Pending home sales remained at a standstill in September, unchanged in the National Association of REALTORS® (NAR) Pending Home Sales Index (PHSI). The PHSI posted 106.0 in September (repeating August’s reading); however, sales were 3.5 percent lower year-over-year. The Index is based on contract signings.
“Demand exceeds supply in most markets, which is keeping price growth high and essentially eliminating any savings buyers would realize from the decline in mortgage rates from earlier this year,” says Lawrence Yun, chief economist at NAR. “While most of the country, except for the South, did see minor gains in contract signings last month, activity is falling further behind last year’s pace because new listings aren’t keeping up with what’s being sold.”
“It’s an all-too-familiar tale of low inventory: Pending home sales momentum was flat as small pickups in activity in the Northeast, Midwest, and West were offset by post-hurricane weakness in the South,” says Danielle Hale, chief economist at realtor.com®. “People in all four regions signed fewer home contracts compared to one year ago, as would-be buyers struggle to find the right place among the limited number of homes for sale.”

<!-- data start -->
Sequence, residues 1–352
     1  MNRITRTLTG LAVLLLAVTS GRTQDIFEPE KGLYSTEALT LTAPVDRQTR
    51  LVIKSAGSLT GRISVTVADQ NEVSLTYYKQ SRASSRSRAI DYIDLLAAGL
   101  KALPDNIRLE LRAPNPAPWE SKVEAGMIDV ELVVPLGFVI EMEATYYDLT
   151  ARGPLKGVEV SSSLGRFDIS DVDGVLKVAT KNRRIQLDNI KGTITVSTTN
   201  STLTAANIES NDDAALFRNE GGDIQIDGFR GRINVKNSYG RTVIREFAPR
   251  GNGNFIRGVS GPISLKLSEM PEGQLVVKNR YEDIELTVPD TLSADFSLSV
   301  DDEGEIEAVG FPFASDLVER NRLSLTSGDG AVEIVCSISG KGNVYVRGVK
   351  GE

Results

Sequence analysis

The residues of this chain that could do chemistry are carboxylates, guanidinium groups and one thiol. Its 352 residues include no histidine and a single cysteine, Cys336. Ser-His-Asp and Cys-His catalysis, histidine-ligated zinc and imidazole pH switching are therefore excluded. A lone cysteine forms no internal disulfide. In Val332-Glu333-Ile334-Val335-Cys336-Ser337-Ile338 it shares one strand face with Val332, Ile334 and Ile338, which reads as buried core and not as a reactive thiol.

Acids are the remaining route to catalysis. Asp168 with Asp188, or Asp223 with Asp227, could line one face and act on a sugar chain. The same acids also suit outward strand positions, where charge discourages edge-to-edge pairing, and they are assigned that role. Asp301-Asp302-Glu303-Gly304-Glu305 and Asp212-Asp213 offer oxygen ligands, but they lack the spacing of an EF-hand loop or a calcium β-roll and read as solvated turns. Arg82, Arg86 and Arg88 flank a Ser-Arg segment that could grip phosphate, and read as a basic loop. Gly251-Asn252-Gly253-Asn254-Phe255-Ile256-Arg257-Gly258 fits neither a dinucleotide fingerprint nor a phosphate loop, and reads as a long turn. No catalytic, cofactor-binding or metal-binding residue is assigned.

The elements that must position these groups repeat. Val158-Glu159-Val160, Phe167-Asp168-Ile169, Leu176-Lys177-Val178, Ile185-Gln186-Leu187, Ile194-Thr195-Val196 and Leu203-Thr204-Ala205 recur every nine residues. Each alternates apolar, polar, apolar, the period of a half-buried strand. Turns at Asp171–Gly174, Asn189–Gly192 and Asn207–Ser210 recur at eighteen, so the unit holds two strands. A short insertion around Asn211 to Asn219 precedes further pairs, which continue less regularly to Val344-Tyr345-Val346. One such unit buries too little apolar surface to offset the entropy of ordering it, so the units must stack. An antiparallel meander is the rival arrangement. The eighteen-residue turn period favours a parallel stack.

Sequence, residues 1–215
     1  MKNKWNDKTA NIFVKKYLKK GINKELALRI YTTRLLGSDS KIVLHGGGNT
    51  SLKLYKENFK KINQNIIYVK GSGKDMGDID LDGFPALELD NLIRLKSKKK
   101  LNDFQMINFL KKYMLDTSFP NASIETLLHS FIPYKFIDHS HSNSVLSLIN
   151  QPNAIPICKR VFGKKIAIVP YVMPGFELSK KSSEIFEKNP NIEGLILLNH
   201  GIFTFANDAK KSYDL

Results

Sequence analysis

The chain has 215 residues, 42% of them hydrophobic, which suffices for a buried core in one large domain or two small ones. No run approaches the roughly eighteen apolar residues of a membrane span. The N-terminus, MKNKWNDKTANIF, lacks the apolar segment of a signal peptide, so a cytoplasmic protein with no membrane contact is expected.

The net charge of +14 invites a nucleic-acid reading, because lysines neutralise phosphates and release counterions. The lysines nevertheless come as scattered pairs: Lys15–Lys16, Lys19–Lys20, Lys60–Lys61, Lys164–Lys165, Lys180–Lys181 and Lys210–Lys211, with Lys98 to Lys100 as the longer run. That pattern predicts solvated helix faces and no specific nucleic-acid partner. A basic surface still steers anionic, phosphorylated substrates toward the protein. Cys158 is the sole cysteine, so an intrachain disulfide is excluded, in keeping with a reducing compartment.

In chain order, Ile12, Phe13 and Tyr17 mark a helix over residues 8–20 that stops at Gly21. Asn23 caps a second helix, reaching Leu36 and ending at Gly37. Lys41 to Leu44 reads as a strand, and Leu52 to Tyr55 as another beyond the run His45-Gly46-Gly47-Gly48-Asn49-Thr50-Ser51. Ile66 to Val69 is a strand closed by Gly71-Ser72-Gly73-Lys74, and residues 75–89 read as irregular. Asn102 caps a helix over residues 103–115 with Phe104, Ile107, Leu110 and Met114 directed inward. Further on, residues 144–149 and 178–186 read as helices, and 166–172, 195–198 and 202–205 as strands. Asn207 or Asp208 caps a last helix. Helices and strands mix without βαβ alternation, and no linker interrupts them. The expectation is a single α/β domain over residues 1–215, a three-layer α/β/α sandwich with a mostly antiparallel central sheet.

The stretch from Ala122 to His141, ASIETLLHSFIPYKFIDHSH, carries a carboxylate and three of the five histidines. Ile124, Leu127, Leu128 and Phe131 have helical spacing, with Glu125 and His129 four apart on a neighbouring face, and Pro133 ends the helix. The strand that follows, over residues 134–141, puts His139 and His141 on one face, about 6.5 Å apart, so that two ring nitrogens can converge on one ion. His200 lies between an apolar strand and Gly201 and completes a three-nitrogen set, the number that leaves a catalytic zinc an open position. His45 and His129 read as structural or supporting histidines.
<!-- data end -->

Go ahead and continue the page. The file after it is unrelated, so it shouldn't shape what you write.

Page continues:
“Buyers looking for a little relief from the stiff competition from over the summer may unfortunately be out of luck in the coming months,” Yun says. “Inventory starts to decline heading into the winter, and many would-be buyers from earlier in the year are still on the hunt to find a home.”
All but one of the four major regions in the U.S. saw increases in the PHSI in September, with the Northeast up 1.2 percent to 94.5, the Midwest up 1.4 percent to 102.9 and the West up 1.9 percent to 102.7. The South saw a decrease, down 2.3 percent to 115.9.
“Hurricane Irma’s direct hit on Florida weighed on activity in the South, but similar to how Houston has rebounded after Hurricane Harvey, Florida’s strong job and population growth should guide sales back to their pre-storm pace fairly quickly,” says Yun.
“While last fall existing-home sales finished on a strong note, this year’s data suggest that sales are likely to be weaker this year unless inventories improve,” Hale says. “Inventories continue to drop compared to last year, creating challenges for buyers across the country. Homes for sale, according to realtor.com data, are down 9 percent from a year ago in September and are expected to continue to decline from a year ago in October.”
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